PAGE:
India and US: A democratic contrast

Monday, 10 Jun, 2024
A file photo of US President Joe Biden with Indian PM Narendra Modi. (Photo courtesy: X@PMOIndia)

By Vipul Tamhane

In the realm of democratic governance, India and the United States stand as global benchmarks, each with their unique electoral systems reflecting their diverse political landscapes. Home to the world's two largest democracies, the two nations boast rich histories of electoral practices. While the USA has entrenched democratic roots spanning nearly 240 years, India's vibrant parliamentary democracy emerged in the aftermath of colonial rule, evolving over the past seven decades.

India's general elections are the largest democratic exercise in the world, with over 900 million eligible voters having participated in the 2019 elections. Despite their shared commitment to democratic principles and the electoral systems, a closer examination reveals intriguing disparities in their electoral mechanisms i.e. organization and execution, representation structures, and party dynamics.

At the heart of their democratic processes, a fundamental distinction between the electoral landscapes of India and the USA lies in the type of democracy practiced and their party systems for public representation. India operates under a parliamentary democracy, where her political tableau is marked by the proliferation of regional parties alongside national contenders such as the Indian National Congress and the Bharatiya Janata Party (BJP). This multiplicity of parties reflects the diverse socio-political fabric of India, where regional interests often hold sway over national mandates.

Conversely, in the USA, the political arena is predominantly defined by the dichotomy between the Democratic and Republican parties, each espousing distinct ideologies wherein the citizens embrace a presidential democracy. Further differentiating these systems is the Presidential vs Parliamentary Systems method of voting employed. India embraces a parliamentary system, where the citizens cast their ballots via a direct voting system, exercising their franchise to elect individual candidates in their respective constituencies for members of the Lok Sabha. This model fosters intimate ties between the executive and legislative branches, with the Prime Minister usually emerging from the majority party or majority in alliance with Parliament, who subsequently elect the Prime Minister who holds the reins of government.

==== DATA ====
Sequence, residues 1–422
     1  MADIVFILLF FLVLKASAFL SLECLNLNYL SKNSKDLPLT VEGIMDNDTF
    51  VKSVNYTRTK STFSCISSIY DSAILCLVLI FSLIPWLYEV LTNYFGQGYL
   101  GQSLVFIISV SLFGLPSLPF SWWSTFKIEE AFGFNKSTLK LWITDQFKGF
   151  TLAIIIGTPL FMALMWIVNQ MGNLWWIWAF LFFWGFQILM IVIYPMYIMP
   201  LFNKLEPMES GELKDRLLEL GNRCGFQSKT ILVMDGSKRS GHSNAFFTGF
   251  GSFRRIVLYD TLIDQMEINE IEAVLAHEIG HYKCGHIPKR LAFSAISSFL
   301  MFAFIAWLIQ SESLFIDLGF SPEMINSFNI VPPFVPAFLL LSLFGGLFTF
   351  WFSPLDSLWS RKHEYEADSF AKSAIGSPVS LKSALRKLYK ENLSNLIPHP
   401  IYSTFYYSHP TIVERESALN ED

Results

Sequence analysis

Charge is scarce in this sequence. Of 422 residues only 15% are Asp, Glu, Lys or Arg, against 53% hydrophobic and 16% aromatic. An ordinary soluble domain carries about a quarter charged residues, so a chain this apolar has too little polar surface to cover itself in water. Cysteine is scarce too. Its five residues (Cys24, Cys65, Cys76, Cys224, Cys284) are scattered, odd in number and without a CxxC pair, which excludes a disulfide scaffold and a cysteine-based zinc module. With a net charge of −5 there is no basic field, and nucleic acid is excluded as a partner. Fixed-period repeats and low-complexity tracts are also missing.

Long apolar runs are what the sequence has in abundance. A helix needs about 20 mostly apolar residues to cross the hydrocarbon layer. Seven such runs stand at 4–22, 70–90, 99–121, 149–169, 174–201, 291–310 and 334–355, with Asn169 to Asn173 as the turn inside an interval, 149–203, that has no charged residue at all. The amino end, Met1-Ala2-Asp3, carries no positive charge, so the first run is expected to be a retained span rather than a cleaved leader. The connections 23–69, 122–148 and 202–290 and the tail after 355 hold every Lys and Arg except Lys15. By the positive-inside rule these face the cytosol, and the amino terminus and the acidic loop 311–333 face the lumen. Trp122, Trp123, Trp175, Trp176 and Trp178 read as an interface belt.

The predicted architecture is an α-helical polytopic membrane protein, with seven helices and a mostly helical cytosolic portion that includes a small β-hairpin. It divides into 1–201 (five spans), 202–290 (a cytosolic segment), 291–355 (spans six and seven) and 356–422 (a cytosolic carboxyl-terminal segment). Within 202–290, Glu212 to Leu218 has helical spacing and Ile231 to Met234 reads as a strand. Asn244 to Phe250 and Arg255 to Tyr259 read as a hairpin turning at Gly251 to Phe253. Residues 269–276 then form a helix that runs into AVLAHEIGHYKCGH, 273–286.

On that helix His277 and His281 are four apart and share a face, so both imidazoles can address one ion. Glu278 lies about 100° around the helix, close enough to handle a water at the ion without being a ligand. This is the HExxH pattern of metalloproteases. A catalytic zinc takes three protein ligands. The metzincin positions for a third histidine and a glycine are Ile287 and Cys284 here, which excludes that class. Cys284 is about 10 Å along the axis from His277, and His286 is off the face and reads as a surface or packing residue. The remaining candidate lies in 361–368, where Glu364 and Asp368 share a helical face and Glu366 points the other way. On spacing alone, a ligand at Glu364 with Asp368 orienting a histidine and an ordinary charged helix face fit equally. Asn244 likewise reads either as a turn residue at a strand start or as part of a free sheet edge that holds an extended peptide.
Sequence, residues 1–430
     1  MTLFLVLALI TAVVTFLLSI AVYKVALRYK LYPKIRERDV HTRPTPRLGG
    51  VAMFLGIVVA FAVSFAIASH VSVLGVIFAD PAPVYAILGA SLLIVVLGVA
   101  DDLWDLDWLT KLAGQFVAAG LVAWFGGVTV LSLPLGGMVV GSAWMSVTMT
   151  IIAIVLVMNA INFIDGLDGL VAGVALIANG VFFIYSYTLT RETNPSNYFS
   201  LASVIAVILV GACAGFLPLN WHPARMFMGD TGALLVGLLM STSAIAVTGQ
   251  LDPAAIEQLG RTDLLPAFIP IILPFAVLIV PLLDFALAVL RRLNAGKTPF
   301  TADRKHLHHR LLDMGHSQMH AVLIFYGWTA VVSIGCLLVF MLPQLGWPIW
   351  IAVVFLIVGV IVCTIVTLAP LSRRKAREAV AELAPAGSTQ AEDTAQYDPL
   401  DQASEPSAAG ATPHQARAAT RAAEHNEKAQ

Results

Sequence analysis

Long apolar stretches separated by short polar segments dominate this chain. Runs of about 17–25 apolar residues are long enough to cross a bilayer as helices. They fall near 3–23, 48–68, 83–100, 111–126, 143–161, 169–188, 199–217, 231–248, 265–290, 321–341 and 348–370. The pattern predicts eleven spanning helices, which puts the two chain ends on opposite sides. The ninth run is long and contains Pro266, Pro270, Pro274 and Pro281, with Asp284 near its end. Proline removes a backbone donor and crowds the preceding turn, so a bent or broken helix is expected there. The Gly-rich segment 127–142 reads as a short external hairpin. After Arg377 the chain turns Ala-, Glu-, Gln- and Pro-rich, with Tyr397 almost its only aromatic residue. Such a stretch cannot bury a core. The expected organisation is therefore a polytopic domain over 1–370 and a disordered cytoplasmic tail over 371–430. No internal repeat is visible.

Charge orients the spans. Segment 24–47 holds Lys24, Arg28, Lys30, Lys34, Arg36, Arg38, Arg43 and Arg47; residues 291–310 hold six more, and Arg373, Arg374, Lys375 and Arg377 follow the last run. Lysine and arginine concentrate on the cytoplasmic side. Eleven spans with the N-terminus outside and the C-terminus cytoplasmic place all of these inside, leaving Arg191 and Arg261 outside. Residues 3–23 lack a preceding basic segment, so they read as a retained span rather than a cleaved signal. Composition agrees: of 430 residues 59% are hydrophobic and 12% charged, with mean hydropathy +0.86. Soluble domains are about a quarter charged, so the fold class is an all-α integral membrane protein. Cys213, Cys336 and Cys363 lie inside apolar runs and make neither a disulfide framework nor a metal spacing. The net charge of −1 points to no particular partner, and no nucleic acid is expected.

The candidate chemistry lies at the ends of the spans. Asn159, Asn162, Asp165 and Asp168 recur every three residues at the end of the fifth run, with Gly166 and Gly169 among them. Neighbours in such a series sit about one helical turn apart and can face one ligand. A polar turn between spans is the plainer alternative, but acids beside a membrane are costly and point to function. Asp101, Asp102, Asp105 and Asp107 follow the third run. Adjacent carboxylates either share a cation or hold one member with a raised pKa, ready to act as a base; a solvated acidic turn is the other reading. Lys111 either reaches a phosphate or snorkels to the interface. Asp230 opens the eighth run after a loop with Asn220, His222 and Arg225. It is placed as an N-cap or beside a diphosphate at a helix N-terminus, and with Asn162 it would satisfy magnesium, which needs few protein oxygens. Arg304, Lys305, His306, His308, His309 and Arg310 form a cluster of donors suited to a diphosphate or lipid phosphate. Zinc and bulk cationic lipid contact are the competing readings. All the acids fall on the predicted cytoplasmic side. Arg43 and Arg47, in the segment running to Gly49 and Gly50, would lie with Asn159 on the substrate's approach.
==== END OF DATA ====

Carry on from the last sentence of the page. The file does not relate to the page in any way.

The Indian and US democratic electoral systems are crucial in promoting gender equality and social justice. They provide platforms for diverse voices, empowering marginalized groups, including women, to advocate for their rights.

In stark contrast, the USA operates under a presidential system, featuring distinct executive, legislative, and judicial branches. The US citizens vote for electors who, in turn, cast ballots for the President through the Electoral College system. The President, elected independently, serves as both head of state and government. India and the USA have distinct electoral systems, with India having a multi-tiered system at national, state, and local levels, promoting decentralized governance and grassroots participation. The USA operates on a two-tiered system with federal and state levels dominating the electoral landscape. India emphasizes proportional representation, with reserved seats for marginalized groups.

The USA has a mix of proportional representation in Congress and equal representation in the Senate, creating a unique balance of power between states and the federal government. Both countries' party systems reflect their distinct political cultures, with India's multi-party system characterized by regional and national parties, and the USA's two-party dominance.

India and the USA have distinct electoral systems, with India using the Electoral Voting Machine (EVM) for voting. NRIs and Indian diplomats stationed overseas are included in the electoral rolls from these past general elections in 2024. The USA has a more complex voting system, including in-person polling, absentee ballots, and early voting. The autonomy and authority of election bodies also differ. In India, the Election Commission has a broader range of powers, including organizing elections, enforcing financial regulations, and ensuring the sanctity of the electoral process.